Heroic Ideal Greece, Rome an Analysis of Essay

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Heroic Ideal Greece, Rome

An Analysis of the Heroic Ideal from Ancient Greece to Roman Empire

The mythopoetic tradition in Greece begins with Homer's Iliad, which balances the heroic figures of Achilles and Hector, two opposing warriors and men of honor, amidst a war on which not even the gods are in agreement. Hector and Achilles mirror one another in nobility and strength and both represent an ideal heroic archetype of citizenry -- men who do battle to honor both their countries and their names. To illustrate, however, the way the ideal of heroic citizenship changes from the Greek mythopoetic tradition through to the late Stoicism of Roman imperialism, it is necessary to leap ahead several centuries and survey the several different bodies of work.

The mythopoetic tradition in Greece somewhat continually dwells on the same themes with regard to heroic citizenship, whether in Homer or in the Golden Age of Theater in Athens, when Aeschylus, Sophocles, Euripides and Aristophanes dominated the stage. Homer's Iliad (Fitzgerald, 2008) and Aristophanes' Lysistrata (Sommerstein, 1973), for example, are two war-themed works whose tones are dissimilar but whose endings are revealing of a common bond -- despite the centuries and structures that separate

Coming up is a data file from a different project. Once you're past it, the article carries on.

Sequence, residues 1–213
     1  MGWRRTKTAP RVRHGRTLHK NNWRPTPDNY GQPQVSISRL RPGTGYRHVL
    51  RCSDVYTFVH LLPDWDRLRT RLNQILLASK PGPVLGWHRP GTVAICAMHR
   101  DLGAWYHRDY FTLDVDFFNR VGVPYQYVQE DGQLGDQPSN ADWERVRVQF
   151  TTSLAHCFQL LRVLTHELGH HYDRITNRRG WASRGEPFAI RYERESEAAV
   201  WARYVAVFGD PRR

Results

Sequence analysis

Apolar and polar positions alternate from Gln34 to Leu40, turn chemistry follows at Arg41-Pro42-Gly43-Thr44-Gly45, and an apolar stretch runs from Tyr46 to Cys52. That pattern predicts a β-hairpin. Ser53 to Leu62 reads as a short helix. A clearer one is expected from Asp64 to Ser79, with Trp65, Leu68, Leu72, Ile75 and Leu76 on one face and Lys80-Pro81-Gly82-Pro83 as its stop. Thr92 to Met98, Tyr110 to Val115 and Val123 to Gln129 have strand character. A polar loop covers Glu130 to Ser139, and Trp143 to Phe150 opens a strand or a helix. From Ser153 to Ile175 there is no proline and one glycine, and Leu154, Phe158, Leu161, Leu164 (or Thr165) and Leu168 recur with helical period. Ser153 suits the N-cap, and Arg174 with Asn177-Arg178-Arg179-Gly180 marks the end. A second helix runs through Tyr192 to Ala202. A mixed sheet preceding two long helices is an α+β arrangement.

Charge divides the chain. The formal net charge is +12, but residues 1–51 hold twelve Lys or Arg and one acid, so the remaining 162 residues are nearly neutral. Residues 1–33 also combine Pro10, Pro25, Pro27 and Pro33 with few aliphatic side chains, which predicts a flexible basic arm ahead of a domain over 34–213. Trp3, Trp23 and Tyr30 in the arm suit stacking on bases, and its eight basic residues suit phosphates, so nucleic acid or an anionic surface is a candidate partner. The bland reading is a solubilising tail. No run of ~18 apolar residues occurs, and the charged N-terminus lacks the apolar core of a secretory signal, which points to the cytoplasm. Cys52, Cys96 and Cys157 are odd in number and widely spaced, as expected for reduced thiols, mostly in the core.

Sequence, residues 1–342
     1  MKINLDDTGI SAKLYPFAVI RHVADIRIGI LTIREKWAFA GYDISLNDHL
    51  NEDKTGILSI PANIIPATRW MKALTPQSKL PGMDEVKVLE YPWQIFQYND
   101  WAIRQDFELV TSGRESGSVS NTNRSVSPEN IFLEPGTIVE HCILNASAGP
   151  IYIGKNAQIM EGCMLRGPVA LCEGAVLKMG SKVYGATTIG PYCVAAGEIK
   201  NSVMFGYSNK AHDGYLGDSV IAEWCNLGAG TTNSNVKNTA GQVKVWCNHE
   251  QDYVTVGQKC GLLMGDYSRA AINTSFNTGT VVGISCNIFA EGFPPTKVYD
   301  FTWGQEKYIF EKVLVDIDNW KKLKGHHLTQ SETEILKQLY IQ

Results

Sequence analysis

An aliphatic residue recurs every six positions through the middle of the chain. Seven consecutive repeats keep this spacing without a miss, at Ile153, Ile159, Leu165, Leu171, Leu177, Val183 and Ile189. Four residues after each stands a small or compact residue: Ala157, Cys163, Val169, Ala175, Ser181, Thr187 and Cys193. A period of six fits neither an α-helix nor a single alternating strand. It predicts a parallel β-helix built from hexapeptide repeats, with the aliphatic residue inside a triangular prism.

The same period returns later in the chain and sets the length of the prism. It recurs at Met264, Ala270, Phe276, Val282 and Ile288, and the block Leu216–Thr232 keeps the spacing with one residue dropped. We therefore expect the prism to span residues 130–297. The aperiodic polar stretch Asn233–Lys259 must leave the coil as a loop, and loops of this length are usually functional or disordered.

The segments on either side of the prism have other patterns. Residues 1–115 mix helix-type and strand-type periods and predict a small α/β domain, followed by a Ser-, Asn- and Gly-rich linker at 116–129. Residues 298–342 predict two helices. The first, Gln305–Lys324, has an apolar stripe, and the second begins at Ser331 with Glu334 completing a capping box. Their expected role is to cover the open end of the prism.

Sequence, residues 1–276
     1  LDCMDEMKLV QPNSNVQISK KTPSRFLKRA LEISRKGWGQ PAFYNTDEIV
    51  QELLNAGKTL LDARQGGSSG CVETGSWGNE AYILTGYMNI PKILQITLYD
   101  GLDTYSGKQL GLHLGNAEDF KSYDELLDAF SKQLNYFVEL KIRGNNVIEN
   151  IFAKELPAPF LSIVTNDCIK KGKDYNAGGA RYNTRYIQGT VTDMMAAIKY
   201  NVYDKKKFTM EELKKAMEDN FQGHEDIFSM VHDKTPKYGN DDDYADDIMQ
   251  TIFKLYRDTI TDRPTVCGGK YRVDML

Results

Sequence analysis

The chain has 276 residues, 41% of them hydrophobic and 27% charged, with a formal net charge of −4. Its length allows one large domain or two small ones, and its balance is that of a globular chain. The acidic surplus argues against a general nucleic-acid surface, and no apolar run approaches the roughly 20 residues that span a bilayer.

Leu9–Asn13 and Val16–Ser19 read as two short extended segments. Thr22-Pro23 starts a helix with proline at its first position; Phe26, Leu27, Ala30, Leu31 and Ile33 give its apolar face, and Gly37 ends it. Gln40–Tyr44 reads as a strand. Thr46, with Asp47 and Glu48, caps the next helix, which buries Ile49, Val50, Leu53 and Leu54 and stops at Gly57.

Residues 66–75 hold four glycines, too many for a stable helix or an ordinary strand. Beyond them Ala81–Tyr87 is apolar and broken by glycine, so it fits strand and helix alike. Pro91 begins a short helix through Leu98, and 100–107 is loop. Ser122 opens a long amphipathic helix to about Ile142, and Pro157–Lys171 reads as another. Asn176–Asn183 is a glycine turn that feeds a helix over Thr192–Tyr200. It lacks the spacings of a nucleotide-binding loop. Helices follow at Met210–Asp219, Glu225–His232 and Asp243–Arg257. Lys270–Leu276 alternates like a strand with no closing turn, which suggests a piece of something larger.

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them. The ending of Homer's Iliad depicts the death of Hector, the abuse of his corpse by Achilles (a man with divine prowess but human flaws), the begging of mercy by Priam, and the burial of Hector's bones following the consummation of his body on the funeral pyre. The ending of Lysistrata is a jubilant celebration of peace in song as Athenians and Spartans end their war thanks in large part to the influence of their women. The common bond is this: both works end with attention focused not on those who begin the work (Lysistrata of Athens, or Achilles of the Argives) but rather on the enemy -- the Spartans in song, and Hector of the Trojans. The sense is that both works are neither pro-war nor anti-war in the extreme, but may be read rather as artistic attempts to understand the enemy through identification and honor. They are, in other words, works of respect. The difference between the two works, however, is that Homer's is an epic dramatic poem, and Aristophanes' is a comedy -- a work which treats a serious matter (war) in a social, comedic way.

The greatest definition of the heroic figure…

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Reference List

Aristophanes. (1973). Lysistrata/The Acharnians/The Clouds. Trans. Alan Sommerstein. NY: Penguin Classics, 1973.

Homer. (2008). The Iliad. Trans. Robert Fitzgerald. UK: Oxford University Press.

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